4. ESD Association, “ESD TR21.0-01-18 Technical Report for Challenges in Controlling ESD in the Manufacturing of Flat Panel Display,” 2018.
  5. Joshua (Yong Hoon) Yoo, “ESD Issues for Flat Panel Displays”, In Compliance Magazine, February 2021. 
  6. M. Simicic, N. R. M. Ashif, G. Hellings, S.-H. Chen, M. Nag, A. J. Kronemeijer, K. Myny, and D. Linten, “Electrostatic discharge robustness of amorphous indium-gallium-zinc-oxide thin-film transistors,” Microelectronics Reliability, vol. 108, p. 113632, 2020.

About The Author

Marko Simicic

Marko Simicic received his B.Sc. and M.Sc. in electrical engineering and information technology from the University of Zagreb, Croatia, in 2010 and 2012 respectively. He obtained a Ph.D. degree from the department of electrical engineering ESAT, KU Leuven, Belgium in 2018. In 2017 he joined the ESD team at imec, Belgium, with the focus on researching ESD solutions for devices and circuits. He has authored or co-authored more than 35 papers in international journals and conference proceedings and is an active member of the JS-002 ANSI/ESDA/JEDEC joint standard for CDM ESD device sensitivity testing.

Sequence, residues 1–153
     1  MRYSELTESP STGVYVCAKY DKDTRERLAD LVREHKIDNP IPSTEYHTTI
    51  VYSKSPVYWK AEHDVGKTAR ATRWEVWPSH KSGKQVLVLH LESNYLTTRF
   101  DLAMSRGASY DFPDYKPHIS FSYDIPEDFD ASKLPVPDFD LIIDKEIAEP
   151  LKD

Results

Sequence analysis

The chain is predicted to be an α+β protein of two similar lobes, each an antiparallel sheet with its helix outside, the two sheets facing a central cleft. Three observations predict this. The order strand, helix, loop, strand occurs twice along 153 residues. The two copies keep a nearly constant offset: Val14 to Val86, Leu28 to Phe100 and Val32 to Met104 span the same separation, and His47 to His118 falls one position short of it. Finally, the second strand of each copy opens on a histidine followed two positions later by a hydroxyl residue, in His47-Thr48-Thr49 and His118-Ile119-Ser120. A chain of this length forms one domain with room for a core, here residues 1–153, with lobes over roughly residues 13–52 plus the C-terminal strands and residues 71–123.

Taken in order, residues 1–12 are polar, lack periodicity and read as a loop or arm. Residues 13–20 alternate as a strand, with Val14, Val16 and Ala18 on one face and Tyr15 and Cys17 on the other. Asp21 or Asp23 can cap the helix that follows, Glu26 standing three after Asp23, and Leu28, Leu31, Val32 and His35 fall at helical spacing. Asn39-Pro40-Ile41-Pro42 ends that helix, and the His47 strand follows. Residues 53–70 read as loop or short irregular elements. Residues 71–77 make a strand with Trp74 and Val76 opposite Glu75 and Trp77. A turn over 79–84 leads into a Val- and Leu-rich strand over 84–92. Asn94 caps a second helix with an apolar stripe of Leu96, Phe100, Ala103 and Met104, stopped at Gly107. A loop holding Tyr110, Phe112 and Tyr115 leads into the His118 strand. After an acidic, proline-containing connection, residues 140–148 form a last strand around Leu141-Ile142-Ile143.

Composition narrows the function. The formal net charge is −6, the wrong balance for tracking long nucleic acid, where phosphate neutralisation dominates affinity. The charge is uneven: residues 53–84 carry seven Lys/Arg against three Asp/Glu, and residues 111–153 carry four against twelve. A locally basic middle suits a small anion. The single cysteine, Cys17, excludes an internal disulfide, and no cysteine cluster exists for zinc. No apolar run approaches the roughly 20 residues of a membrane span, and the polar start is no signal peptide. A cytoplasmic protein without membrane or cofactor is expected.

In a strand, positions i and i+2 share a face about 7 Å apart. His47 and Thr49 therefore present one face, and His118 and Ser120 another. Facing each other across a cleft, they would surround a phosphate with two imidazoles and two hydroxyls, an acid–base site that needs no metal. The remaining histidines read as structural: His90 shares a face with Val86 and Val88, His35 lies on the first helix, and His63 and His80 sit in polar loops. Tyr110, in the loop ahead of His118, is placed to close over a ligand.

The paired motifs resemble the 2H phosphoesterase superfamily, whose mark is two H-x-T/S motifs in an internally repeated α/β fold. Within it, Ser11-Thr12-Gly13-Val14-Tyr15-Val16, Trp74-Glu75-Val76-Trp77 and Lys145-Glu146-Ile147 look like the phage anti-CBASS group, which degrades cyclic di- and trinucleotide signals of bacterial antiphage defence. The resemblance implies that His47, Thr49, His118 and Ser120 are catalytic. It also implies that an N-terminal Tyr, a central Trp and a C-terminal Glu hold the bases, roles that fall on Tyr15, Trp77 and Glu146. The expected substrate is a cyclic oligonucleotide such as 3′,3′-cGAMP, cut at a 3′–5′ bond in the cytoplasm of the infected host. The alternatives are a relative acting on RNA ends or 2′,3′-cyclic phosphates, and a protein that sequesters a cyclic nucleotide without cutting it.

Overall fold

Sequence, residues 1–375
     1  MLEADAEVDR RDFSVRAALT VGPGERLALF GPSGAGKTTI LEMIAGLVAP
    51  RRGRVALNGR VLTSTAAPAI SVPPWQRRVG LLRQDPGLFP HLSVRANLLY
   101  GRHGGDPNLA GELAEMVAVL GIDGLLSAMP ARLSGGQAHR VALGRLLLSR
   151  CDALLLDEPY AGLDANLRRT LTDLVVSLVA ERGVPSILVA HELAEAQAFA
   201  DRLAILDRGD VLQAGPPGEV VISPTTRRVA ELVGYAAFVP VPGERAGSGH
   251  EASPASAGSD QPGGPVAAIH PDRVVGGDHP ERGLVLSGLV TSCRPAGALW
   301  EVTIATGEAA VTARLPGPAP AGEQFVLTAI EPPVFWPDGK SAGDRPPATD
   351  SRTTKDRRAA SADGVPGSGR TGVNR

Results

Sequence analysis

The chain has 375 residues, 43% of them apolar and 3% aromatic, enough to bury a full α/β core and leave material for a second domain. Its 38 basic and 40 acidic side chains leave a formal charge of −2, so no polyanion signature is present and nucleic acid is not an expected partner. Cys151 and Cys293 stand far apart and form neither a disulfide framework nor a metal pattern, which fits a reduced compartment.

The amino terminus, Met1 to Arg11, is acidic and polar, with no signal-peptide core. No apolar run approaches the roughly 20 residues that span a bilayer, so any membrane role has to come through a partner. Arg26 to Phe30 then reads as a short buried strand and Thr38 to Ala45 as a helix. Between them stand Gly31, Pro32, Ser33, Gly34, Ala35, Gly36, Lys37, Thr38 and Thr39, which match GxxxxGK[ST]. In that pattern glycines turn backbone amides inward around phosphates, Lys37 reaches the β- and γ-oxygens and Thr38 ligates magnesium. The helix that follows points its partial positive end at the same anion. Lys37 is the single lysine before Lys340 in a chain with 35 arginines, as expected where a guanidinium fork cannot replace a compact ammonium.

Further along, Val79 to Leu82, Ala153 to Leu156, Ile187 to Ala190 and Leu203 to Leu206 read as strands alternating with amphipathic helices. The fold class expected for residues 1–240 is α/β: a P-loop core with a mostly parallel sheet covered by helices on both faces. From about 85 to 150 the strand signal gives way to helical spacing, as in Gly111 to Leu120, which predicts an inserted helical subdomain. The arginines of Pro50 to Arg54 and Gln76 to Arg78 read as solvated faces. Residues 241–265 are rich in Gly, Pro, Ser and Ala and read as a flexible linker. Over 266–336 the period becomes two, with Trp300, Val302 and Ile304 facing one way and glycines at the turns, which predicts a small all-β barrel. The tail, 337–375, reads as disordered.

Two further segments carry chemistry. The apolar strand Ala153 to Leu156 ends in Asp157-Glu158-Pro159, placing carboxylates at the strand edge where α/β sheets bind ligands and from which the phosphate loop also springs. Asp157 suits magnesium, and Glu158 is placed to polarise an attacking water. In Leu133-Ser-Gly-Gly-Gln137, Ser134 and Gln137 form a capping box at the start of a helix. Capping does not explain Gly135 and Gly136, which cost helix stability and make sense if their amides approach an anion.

Related Posts

Leave a Reply

Your email address will not be published.

X